She said a current concern is real estate acquisition by nonresidents who turn the properties into short-term rentals.
“It is an issue that we are working on through our short-term rental agreement,” she said. This is the first season for the ordinance, which was adopted last year. At present, slightly more than 400 properties have been licensed as short-term rentals. According to municipal staff, about 73 percent of those are owned by nonresidents.
• Robin Phillips is a Kennebunkport resident whose ancestors were fishermen and farmers. She is self-employed, starting a business called Porous Pickles in college. With a background in biology and botany, she has operated a gardening and greenhouse business for 25 years, sells organically-grown plants at the Kennebunk Farmers’ Market, makes wreathes and decorations from her own forest in winter, and takes part in Prelude with her Wildflour Baking Company’s Christmas Stollen.
Phillips said she pays attention and participates in town meetings. “I feel that I have an above average awareness and understanding of the challenges we face as residents of Kennebunkport,” she said. “The implications of recent laws imposed at the state level, comprehensive planning, and overdevelopment are of critical importance to our town at this time. “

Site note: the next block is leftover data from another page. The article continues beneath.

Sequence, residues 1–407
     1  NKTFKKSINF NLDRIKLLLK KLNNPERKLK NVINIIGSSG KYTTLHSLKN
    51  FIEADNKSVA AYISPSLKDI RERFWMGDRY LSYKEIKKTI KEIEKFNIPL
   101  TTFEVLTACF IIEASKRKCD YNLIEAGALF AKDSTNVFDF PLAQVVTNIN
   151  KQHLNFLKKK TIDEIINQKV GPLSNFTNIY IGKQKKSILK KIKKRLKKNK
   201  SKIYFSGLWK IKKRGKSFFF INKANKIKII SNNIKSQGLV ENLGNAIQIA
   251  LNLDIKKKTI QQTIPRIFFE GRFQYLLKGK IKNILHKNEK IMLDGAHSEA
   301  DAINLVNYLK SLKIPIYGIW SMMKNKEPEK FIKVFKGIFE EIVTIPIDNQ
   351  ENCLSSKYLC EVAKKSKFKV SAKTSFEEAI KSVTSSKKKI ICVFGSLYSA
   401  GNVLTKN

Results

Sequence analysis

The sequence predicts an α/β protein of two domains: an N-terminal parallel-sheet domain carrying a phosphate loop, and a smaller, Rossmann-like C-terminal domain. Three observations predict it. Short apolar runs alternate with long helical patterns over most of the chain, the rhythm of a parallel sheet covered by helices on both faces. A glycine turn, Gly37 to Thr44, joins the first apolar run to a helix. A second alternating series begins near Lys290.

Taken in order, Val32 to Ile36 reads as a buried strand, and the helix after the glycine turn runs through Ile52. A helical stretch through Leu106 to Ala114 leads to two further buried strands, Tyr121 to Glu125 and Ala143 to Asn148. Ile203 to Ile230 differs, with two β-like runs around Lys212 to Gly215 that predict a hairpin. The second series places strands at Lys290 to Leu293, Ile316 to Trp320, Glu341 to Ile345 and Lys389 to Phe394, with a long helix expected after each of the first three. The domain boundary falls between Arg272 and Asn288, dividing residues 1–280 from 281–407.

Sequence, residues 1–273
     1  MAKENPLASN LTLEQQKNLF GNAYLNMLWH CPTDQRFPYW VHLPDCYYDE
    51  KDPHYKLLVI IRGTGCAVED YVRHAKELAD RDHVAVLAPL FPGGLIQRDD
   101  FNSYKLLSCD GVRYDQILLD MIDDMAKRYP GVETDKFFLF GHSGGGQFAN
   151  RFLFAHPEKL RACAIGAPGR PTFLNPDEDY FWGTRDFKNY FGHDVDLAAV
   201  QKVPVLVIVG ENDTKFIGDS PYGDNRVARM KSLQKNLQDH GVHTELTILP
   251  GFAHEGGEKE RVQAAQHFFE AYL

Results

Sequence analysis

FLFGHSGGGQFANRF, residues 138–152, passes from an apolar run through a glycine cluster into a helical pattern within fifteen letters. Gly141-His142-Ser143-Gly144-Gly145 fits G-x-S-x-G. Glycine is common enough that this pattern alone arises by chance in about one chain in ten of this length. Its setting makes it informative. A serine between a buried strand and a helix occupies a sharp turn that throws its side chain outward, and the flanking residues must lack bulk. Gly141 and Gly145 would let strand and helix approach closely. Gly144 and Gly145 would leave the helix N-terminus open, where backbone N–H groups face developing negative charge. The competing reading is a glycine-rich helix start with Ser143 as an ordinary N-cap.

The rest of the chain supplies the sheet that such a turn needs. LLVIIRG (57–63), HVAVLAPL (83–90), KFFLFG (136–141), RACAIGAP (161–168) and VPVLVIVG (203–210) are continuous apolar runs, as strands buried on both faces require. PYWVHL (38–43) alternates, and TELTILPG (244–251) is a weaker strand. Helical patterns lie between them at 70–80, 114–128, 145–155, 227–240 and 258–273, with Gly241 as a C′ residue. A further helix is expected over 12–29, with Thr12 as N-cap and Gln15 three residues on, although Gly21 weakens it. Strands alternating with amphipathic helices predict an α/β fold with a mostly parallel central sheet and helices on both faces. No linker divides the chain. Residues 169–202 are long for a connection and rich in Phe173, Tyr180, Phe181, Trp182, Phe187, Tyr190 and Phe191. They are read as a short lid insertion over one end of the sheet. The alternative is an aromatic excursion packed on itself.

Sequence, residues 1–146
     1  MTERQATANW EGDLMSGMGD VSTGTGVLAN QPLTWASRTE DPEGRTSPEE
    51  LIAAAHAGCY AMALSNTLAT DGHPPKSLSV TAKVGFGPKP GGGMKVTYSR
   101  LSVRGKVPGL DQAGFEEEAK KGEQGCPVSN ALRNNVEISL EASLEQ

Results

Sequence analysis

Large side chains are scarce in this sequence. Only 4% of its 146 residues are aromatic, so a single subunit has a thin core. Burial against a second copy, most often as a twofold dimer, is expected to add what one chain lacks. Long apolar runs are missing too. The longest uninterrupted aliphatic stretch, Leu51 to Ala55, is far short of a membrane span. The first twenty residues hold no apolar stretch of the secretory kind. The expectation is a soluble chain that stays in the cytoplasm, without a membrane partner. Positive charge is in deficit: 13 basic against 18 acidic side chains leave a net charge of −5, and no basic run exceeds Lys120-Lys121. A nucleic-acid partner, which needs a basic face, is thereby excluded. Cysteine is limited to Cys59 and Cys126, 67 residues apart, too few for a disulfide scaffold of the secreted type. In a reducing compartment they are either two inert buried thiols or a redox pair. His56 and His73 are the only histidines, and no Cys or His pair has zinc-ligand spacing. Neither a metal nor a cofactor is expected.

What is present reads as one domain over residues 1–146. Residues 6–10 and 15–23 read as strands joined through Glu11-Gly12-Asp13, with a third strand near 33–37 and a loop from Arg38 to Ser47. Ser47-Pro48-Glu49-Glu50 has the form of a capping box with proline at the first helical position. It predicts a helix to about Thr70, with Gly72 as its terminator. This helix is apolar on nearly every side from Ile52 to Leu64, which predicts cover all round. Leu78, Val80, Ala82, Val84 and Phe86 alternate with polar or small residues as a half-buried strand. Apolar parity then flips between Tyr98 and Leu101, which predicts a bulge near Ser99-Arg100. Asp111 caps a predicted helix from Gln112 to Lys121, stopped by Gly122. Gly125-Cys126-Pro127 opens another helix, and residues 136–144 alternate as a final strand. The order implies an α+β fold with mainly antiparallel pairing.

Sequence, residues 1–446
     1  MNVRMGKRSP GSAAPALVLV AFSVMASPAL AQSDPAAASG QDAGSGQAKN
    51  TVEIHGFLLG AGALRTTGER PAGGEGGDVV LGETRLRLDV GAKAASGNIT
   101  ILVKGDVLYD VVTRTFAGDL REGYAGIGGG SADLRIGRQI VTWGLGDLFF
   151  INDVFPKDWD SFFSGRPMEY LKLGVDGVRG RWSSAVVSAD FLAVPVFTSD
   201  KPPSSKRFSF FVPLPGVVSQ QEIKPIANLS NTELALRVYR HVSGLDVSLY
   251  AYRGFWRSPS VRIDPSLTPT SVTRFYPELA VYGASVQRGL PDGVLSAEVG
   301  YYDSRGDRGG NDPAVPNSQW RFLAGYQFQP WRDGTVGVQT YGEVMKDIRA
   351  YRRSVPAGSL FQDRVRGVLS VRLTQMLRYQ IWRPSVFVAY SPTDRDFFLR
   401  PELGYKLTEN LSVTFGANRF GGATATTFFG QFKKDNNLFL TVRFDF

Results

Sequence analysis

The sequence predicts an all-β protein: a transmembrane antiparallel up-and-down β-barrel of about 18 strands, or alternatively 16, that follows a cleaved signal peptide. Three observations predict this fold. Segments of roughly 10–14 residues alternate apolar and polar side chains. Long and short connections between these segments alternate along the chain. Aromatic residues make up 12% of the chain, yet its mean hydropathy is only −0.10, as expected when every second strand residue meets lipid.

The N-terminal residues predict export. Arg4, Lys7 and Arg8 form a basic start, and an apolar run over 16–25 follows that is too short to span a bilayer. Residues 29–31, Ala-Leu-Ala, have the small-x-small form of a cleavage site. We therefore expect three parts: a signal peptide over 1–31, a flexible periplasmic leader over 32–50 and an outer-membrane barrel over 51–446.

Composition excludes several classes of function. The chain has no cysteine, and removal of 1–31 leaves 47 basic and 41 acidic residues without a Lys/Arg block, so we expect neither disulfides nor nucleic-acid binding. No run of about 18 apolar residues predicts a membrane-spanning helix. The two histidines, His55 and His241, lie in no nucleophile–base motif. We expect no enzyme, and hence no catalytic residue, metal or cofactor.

She said the Village Parcel is a topic that need addressing. She noted the purchase, at $10 million plus interest, was approved at a special town meeting that had a small voter turnout. “Since then, we have spent over $100,000 on consultants to plan its future with no sign of agreement in sight,” said Phillips. “ I would advocate for another strategy that is best for the land and future generations.”
“Water quality, protection of the lobster industry and how we manage decisions regarding tax acquired land are important to all of us,” she said. ” At present, the board of selectmen can give this land away to nonprofits without voter approval. I would strive to change this.”
“I would also advocate for a more intensive strategy to address contamination of the water at Goose Rocks Beach and Cape Porpoise Harbor, what’s causing it, and how to best mitigate the problem” she said.
“Protecting the local way of life is important to me, but change is inevitable,” said Phillips. “I hope to engage the younger generations to participate and be involved in planning, for it is they who will be the next stewards of the land and sea.”